21st Dec2018

‘Mortal Engines’ Review

by Jak-Luke Sharp

Stars: Hera Hilmar, Robert Sheenan, Hugo Weaving, Jihae, Ronan Raftery, Leila George, Patrick Malahide, Stephen Lang, Colin Salmon, Mark Mitchinson, Regé-Jean Page, Menik Gooneratne, Frankie Adams, Leifur Sigurdarson | Written by Peter Jackson, Fran Walsh, Philippa Boyens | Directed by Christian Rivers


If Mortal Engines succeeds at anything it’s officially ending any chance of the original blockbuster existing in cinema from this point forward. Although the writing has been on the wall for a significant amount of time now, the Peter Jackson produced vehicle ultimately cements the death of a much-needed ideal in cinema.

Mortal Engines isn’t horrendous, nor is it quote-unquote “bad”, it’s just a calamitous bore from start to finish. Opening in such an effulgent and prolific manner undoubtedly engaging the full concentration of its audience with a tremendous scale and scope of outstanding visuals, but never from that moment forward can it successfully surpass such a sequence and chases its own tale throughout. As stated above, the visuals are undoubtedly the highlight of a picture, yet, even then it often bleeds into a huge blur of machines and fire. Not necessarily the most visually concise and claritive of special effects utilised, but the magnitude of the world is truly extraordinary efficiently observed via on the nose political subtext, of which writers Peter Jackson and Fran Walsh have stated to be purely coincidental in the social commentary relevant in the times we live in. Of which I find hard to believe and a coincidence I think not.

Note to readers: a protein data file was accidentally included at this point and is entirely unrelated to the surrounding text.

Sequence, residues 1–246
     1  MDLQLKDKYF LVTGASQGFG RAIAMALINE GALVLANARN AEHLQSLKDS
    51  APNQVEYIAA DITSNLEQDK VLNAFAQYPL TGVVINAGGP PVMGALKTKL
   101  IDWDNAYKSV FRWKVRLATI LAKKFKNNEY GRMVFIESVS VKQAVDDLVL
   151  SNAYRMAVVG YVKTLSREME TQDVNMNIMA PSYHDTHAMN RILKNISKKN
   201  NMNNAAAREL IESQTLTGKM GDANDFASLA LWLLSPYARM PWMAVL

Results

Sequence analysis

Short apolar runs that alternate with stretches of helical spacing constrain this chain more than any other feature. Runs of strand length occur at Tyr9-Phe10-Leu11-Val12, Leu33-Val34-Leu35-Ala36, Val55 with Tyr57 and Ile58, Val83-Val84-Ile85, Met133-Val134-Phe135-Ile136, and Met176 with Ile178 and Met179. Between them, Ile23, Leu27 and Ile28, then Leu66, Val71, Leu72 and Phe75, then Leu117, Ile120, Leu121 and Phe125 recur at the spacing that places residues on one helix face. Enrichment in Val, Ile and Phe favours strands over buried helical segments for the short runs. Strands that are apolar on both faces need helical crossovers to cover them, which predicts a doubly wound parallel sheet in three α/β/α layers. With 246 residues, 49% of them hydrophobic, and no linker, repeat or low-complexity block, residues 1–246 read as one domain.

The characters and narrative are in dire need of charisma and sufficient exploration of storytelling. Lead actress Hera Hilmar as Hester Shaw fails throughout the running time to put forward a convincing and emotionally feisty performance, of what’s evident on the page but ultimately develops into an overly melodramatic arc on the screen that simmers but never burns bright. It’s safe to say that Robert Sheenan just doesn’t have the talent or emotional capacity as a leading actor. Even as a supporting player in the blockbuster his days are numbered with another dull and overly charismatic performance that screams that he wants to be liked and appreciated for his ability, more so than putting forth an efficiently compelling role, of which his character Tom Natsworthy is certainly not.

The screenplay from Jackson and Walsh is ever so slack and inconsequential – an incredible disappointment from the team that has adapted such tremendous work as The Lord of the Rings and The Hobbit franchises, respectively, as well as The Lovely Bones, all adapted from critically applauded novels. Mortal Engines should be no different – with such a bold and audacious concept that succumbs to a screenplay that surprisingly drags its feet all throughout the running time and adds utterly redundant story arcs and threads that come up blank; all of which are totally neglected thirty minutes before the climax, often just forgotten about and put aside for vivid moments of explosions! The film also offers various, and countless, instances of purely terrible character bits that land in a flat and sadly cringe-worthy fashion.

Mortal Engines is in cinemas now.


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